Professor Dr. Roy Swank M.D., of the Swank Multiple Sclerosis Clinic in Portland, Oregon initially found that MS followed the consumption of saturated fat and was lower among people who ate fish (which is rich in omega-3 fats).
This led to a compelling 34-year, 150-patient study that began in 1949.
Published in The Lancet in 1990, it showed that people who adhered to a diet very low in saturated fats had dramatically better health outcomes than those who did not.
VIDEO of Dr. Roy Swank’s MS treatment cases:
“This makes me very angry. I was diagnosed with MS in 2000 and this option of diet was not even mumbled in my presence. I went on copaxone in 2006 and went off of it in 2010. Trouble with affording the stuff. I had a whopper of an exacerbation this year. Lost my vision, my hearing and could hardly walk. It was terrifying to say the least. Since then I discovered Dr. Roy Swank and his work and have been a low fat vegan for the last six months. I began to see improvement almost immediately. I have my sight back as well and my hearing and walking is much much improved, almost normal. I haven’t felt this good in years. What makes me angry is all of this could have been avoided if the diet was held out to me in the beginning.”
The new genetic technology holds great promise for treating viruses that may be involved with MS, and we support it’s further development.
Until the causes of MS are fully elucidated and a cure for every MS sub-type has been found, we will search for the answers that will improve the MS patient’s quality of life, inspired by Elayne Shapray who said “MS is a disease that affects the nerves in your body. And there is no known cause and there is no known cure.”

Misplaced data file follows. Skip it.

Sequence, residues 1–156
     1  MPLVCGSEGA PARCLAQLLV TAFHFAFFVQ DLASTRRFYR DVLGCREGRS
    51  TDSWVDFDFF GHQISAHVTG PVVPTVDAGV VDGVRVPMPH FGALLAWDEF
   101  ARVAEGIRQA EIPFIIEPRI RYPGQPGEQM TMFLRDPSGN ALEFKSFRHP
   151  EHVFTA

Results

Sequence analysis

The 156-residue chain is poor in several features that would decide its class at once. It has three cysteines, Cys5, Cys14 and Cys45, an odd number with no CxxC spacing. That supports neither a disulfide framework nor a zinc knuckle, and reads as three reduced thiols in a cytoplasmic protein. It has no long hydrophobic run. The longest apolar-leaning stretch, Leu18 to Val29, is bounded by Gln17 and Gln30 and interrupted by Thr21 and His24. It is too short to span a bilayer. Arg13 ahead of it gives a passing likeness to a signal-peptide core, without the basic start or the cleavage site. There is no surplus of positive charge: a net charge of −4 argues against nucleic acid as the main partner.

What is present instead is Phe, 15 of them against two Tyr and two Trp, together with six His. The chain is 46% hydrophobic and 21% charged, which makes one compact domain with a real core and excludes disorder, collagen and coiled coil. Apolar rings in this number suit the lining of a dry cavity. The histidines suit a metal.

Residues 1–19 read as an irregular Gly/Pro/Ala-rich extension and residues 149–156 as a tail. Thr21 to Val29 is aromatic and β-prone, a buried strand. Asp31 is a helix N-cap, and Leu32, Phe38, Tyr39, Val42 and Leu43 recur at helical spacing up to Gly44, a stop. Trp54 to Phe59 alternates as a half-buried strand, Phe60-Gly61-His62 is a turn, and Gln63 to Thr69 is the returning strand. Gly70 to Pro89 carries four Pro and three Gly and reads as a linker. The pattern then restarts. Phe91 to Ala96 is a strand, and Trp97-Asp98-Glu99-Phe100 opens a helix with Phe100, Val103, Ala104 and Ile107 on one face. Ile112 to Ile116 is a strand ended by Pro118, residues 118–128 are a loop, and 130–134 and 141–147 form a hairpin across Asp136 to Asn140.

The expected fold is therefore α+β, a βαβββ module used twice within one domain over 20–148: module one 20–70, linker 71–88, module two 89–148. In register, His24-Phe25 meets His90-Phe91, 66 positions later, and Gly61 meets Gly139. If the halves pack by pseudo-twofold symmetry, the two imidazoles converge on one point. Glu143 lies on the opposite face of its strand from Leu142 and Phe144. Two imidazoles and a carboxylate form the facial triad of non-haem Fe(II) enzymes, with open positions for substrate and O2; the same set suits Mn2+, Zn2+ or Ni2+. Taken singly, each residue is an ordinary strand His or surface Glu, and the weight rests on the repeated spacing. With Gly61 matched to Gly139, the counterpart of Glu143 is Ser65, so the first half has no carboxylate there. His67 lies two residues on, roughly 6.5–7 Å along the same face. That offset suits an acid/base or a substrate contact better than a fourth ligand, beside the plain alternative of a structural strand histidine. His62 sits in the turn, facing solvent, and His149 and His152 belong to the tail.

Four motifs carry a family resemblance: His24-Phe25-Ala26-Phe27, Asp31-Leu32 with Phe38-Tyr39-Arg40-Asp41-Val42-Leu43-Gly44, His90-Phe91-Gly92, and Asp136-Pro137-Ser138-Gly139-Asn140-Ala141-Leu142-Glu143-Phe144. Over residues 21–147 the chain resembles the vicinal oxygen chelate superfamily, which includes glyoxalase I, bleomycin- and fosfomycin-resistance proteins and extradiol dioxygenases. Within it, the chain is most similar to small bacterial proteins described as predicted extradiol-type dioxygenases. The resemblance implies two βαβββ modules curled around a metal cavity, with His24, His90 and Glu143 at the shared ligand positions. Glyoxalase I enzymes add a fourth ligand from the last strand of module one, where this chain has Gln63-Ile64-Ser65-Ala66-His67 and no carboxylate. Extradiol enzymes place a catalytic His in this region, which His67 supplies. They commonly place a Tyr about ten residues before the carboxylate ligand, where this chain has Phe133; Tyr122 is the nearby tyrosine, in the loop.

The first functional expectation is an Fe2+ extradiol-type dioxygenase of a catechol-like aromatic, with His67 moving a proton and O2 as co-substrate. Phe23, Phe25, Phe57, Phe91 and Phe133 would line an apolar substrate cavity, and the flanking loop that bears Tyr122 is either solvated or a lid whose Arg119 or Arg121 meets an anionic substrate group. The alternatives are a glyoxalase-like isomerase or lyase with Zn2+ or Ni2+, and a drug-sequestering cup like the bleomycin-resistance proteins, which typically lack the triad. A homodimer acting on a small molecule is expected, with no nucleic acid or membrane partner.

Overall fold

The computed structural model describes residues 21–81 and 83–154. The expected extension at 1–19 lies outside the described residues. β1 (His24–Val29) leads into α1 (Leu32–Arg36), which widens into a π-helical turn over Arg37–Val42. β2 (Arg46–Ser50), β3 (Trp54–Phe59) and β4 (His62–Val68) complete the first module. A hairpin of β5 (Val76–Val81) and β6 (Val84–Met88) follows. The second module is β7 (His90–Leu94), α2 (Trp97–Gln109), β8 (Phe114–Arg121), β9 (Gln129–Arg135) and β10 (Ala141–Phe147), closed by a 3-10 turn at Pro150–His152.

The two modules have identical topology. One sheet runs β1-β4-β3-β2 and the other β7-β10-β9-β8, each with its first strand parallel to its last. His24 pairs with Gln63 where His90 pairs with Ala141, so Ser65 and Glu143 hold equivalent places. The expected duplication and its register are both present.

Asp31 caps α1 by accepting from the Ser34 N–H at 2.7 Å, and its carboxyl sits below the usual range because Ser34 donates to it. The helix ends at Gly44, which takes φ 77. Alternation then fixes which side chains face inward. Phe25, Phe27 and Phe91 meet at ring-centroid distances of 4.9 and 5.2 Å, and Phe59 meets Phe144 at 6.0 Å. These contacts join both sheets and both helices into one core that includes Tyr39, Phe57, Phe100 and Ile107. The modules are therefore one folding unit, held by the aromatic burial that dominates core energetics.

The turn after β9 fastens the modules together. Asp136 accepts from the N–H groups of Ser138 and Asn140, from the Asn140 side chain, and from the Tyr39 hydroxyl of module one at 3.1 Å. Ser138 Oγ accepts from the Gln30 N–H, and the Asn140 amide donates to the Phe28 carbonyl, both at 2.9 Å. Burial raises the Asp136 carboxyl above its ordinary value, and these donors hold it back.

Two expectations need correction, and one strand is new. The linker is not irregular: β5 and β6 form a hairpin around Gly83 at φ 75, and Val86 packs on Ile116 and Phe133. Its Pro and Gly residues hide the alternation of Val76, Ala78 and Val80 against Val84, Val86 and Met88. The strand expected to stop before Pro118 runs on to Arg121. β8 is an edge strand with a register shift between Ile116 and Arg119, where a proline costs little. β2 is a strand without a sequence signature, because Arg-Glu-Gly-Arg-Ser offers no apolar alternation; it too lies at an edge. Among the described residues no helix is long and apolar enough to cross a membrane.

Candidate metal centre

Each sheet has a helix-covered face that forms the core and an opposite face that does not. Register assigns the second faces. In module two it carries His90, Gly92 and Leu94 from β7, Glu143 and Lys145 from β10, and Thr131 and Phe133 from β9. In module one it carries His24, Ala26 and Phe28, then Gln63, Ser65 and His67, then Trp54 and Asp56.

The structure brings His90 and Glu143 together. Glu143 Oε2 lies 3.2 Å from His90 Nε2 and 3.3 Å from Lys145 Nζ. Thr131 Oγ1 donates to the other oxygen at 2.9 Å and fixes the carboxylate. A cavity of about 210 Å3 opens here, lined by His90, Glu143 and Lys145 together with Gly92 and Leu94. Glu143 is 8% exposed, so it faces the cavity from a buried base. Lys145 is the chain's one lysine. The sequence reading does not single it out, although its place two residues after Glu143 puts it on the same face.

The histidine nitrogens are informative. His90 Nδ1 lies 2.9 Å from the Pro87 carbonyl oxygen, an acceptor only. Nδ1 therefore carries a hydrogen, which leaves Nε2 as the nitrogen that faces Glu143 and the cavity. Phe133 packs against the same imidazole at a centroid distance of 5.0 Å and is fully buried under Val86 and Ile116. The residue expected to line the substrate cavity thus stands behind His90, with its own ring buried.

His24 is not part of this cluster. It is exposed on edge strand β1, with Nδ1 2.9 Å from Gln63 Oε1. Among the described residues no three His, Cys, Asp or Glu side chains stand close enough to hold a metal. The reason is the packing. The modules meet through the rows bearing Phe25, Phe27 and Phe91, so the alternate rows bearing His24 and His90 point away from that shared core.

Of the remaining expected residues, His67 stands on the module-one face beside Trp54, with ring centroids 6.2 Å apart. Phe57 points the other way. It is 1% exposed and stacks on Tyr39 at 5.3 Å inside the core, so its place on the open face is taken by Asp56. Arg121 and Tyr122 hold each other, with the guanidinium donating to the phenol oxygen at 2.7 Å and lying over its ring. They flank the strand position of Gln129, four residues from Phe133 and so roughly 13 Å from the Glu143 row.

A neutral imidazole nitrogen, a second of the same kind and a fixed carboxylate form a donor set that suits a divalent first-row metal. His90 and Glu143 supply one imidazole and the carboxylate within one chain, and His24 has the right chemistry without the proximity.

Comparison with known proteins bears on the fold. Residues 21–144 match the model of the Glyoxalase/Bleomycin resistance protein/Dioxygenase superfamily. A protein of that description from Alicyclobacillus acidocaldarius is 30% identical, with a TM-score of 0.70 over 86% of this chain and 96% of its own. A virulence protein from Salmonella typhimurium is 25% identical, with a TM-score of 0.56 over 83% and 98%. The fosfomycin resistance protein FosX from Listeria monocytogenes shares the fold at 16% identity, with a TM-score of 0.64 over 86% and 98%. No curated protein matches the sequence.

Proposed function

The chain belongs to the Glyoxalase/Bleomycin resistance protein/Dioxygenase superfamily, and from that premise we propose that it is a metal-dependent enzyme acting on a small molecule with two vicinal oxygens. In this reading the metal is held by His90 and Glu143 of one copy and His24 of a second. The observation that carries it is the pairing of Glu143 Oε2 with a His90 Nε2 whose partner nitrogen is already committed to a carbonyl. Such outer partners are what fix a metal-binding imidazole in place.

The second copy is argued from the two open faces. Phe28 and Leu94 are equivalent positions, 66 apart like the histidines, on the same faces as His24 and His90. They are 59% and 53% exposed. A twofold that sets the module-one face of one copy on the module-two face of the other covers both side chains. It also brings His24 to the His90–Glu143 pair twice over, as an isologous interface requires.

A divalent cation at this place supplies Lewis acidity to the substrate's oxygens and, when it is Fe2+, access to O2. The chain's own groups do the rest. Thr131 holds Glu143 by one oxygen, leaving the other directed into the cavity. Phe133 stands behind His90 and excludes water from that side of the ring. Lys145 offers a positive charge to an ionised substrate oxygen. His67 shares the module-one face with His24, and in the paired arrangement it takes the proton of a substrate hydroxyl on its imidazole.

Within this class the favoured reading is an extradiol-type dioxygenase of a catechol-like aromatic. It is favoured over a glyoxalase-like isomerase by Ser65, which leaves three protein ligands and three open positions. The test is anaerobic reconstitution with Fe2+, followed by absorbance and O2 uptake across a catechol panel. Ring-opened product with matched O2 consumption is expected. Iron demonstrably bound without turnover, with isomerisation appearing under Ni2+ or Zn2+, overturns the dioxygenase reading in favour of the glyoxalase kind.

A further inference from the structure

VIDEO of Elayne Shapray:
The swell of demand has given birth to our team at CMHNR working to build the world’s best Neurological Help line resources to save the lives of innocent victims to get the step-by-step recovery research and resource help – that they and their families so much need to overcome the doctor pronounced “terminal diagnosis” of painful neurological conditions and the too often resulting doctor-assisted-end-of-life.
Additional “Mistaken Diagnosis” resources:
“Then, 13 years after my initial (MS) diagnosis, the doctor called me in for a routine hospital appointment. He told me that because my consultant had retired, they had reviewed all of his cases. Then he told me very matter-of-factly that I did not have MS.
I was furious. I pictured all those years bed-bound, the injections, the impact on my children, husband and career, and all for what? In a haze of incomprehension, I demanded answers. The doctor’s replies were vague. He suggested that my symptoms may have been caused by a lack of vitamin D, which a simple blood test would have confirmed and a heavy dose of supplements would have fixed. There was no apology.”
“Among those misdiagnosed, 72% had been prescribed MS treatments. Of these patients, 48% received therapies that carry a known risk of developing progressive multifocal leukoencephalopathy. Conversely, the most common correct diagnosis was migraine, followed by radiologically isolated syndrome, spondylopathy, and neuropathy.
“I’ve seen patients suffering side effects from the medication they were taking for a disease they didn’t have,” said Kaisey. “Meanwhile, they weren’t getting treatment for what they did have. The cost to the patient is huge— medically, psychologically, financially.”
Hormonal Contraceptives and Multiple Sclerosis Susceptibility
1. Kerstin Hellwig4,3,
2. Lie Chen2 and
3. Annette Langer-Gould1
+ Author Affiliations
1. 1Kaiser Permanente Southern California Pasadena CA United States
2. 2Research & Evaluation Kaiser Permanente Southern California Pasadena CA United States
3. 3Research and Evaluation Kaiser Permanente Southern California Pasadena CA United States
4. 4Neurology Dept St. Josef Hospital Bochum Bochum Germany
1. Neurology April 8, 2014 vol. 82 no. 10 Supplement S34.003
Disclaimer: The information presented here is for educational purposes only.